What is “lift” in stock cars?
All moving objects experience a “lift’. Downforce is the negative lift. Lift is an aerodynamic force experienced by a body moving through the air, perpendicular to the direction of the motion. It is this lift that helps birds and planes soar into the air. NASCAR racing vehicles also experience a lift. It is the automotive/ aerodynamic engineer’s job to minimize the lift in a car. Reducing the lift increases the downforce of a car.
Stockcars address this because they are designed with a rake. This means that the front of the car is lower off the ground than the rear. This directs the air towards the top of the car and reduces the pressure underneath. An “air dam” is mounted below the front bumper of the car. The dam restricts the amount of air flowing beneath the car body thereby reducing the pressure on the underside. Most of the air is directed above the car, increasing the pressure there. Wing appendages mounted upside down help in further increasing the downforce of the stock car.
Stockcars do still become airborne despite all these measures. It mostly happens when the cars go into a spin. To take care of such emergencies recessed windows are installed on the right of the car. This is because cars racing on ovals to the left are more likely to show their right side when in a spin. The ridge in the window deflects the air off the roof of the car. There are also flaps recessed in the roof that rise when the pressure on the roof reduces.
What is drag in a stock car?
Whenever an object moves through the air, the air resists the displacement as well as friction on the molecules on all sides of the car. Some of the air collides with the bumper while the air that is displaced upwards encounters the windshield. The air that flows about the car becomes disturbed and becomes turbulent. This turbulence produces a backward pull on the car which is called “drag.” the speed of the car, density of the air, the size and shape of the car will determine the extent of drag.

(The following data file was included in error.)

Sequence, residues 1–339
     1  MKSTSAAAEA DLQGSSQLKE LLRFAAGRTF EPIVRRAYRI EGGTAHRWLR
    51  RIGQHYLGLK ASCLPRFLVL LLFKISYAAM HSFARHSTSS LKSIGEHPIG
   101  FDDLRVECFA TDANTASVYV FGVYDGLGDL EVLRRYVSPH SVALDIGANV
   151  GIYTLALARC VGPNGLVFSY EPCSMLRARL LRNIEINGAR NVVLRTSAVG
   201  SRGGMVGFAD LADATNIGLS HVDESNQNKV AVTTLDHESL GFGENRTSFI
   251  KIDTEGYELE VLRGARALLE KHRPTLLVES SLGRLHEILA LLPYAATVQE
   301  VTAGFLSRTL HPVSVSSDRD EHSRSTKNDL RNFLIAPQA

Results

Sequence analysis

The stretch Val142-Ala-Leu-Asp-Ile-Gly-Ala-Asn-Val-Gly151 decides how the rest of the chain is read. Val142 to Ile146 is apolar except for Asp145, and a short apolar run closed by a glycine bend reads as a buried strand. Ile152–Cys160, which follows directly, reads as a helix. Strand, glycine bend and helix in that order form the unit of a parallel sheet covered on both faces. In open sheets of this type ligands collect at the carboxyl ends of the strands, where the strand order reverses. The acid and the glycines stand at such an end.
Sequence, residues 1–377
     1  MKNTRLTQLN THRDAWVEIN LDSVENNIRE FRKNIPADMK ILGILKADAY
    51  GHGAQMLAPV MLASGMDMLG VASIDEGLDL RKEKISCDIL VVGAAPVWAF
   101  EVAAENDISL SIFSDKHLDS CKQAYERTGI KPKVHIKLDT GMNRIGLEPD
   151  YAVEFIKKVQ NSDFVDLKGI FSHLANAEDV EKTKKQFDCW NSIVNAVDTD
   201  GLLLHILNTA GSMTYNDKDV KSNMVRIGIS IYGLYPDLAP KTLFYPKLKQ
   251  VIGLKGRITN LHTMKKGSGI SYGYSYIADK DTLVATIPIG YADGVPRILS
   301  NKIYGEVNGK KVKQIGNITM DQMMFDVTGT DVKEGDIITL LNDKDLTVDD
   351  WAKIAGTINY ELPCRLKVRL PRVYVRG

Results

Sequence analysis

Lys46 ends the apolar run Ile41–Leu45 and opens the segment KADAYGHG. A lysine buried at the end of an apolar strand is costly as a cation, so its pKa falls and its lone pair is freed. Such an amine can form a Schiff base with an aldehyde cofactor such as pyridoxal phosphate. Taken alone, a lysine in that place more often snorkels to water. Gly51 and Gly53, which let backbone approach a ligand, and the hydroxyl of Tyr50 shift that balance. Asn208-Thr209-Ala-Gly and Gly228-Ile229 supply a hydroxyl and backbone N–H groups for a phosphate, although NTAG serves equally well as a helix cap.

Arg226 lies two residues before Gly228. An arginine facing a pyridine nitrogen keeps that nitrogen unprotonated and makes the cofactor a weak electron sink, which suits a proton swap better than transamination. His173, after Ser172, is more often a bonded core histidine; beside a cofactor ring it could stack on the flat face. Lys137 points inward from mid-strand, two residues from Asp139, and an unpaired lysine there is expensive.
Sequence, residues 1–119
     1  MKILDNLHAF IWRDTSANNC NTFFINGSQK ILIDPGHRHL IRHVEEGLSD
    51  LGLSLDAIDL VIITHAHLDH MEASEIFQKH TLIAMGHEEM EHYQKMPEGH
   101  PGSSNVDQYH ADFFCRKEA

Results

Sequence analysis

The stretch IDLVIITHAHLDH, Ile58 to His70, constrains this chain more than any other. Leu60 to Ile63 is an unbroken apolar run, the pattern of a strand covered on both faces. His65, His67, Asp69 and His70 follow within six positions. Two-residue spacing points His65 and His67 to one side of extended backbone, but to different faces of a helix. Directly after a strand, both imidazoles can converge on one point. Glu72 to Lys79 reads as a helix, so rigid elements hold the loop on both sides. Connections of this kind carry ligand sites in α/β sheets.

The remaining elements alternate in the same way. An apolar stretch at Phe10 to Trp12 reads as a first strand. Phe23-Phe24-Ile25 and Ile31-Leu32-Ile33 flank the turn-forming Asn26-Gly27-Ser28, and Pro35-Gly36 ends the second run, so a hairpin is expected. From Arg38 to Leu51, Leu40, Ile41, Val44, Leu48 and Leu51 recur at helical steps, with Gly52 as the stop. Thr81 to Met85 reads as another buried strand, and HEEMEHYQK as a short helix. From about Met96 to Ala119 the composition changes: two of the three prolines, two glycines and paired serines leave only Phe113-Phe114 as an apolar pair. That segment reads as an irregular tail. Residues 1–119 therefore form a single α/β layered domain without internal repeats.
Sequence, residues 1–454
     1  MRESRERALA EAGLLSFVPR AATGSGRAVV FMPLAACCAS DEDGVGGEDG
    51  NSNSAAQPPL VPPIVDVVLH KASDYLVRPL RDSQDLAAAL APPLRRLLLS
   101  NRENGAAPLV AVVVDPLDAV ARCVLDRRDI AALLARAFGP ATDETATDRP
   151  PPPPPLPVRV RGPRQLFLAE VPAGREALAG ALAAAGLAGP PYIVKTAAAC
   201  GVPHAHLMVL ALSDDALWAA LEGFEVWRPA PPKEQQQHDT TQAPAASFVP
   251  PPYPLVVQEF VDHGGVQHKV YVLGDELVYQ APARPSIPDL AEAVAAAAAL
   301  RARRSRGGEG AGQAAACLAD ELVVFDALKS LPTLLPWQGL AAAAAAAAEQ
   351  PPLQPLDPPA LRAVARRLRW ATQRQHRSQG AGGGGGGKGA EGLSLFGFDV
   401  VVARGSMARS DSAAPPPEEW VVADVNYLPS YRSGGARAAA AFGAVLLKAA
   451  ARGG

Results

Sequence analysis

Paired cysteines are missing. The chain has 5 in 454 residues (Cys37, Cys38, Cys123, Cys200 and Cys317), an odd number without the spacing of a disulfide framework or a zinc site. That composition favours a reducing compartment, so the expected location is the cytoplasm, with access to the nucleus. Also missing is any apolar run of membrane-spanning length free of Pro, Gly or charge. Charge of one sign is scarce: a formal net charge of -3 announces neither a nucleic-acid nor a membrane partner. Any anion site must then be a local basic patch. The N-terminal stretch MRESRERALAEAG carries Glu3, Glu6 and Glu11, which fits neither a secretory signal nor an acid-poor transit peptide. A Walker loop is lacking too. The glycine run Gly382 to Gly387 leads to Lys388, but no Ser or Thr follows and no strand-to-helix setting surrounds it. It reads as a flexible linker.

Drag first came to the attention of automotive engineers in the 1960s. It is one of the most important parameters for vehicles racing on tracks with longer straights. It affects both the acceleration and speed of a car. Streetcars are known to spend up to 60 per cent of their energy on overcoming drag. This makes reigning in drag the prime objective of automotive engineers, particularly on tracks like the Daytona 500.
Modern cars use slanted windshields, sleek lines, and rounded corners to counter drag. A greater downforce leads to greater drag. The spoilers used to transfer some of the downward forces of a NASCAR car from the front to the rear adds to the problem. There is still a lot of work for automotive and aerodynamic engineers to do to find the right proportion of downforce to drag. The problem is that the proportion has to be adjusted to suit the track that the car is racing on.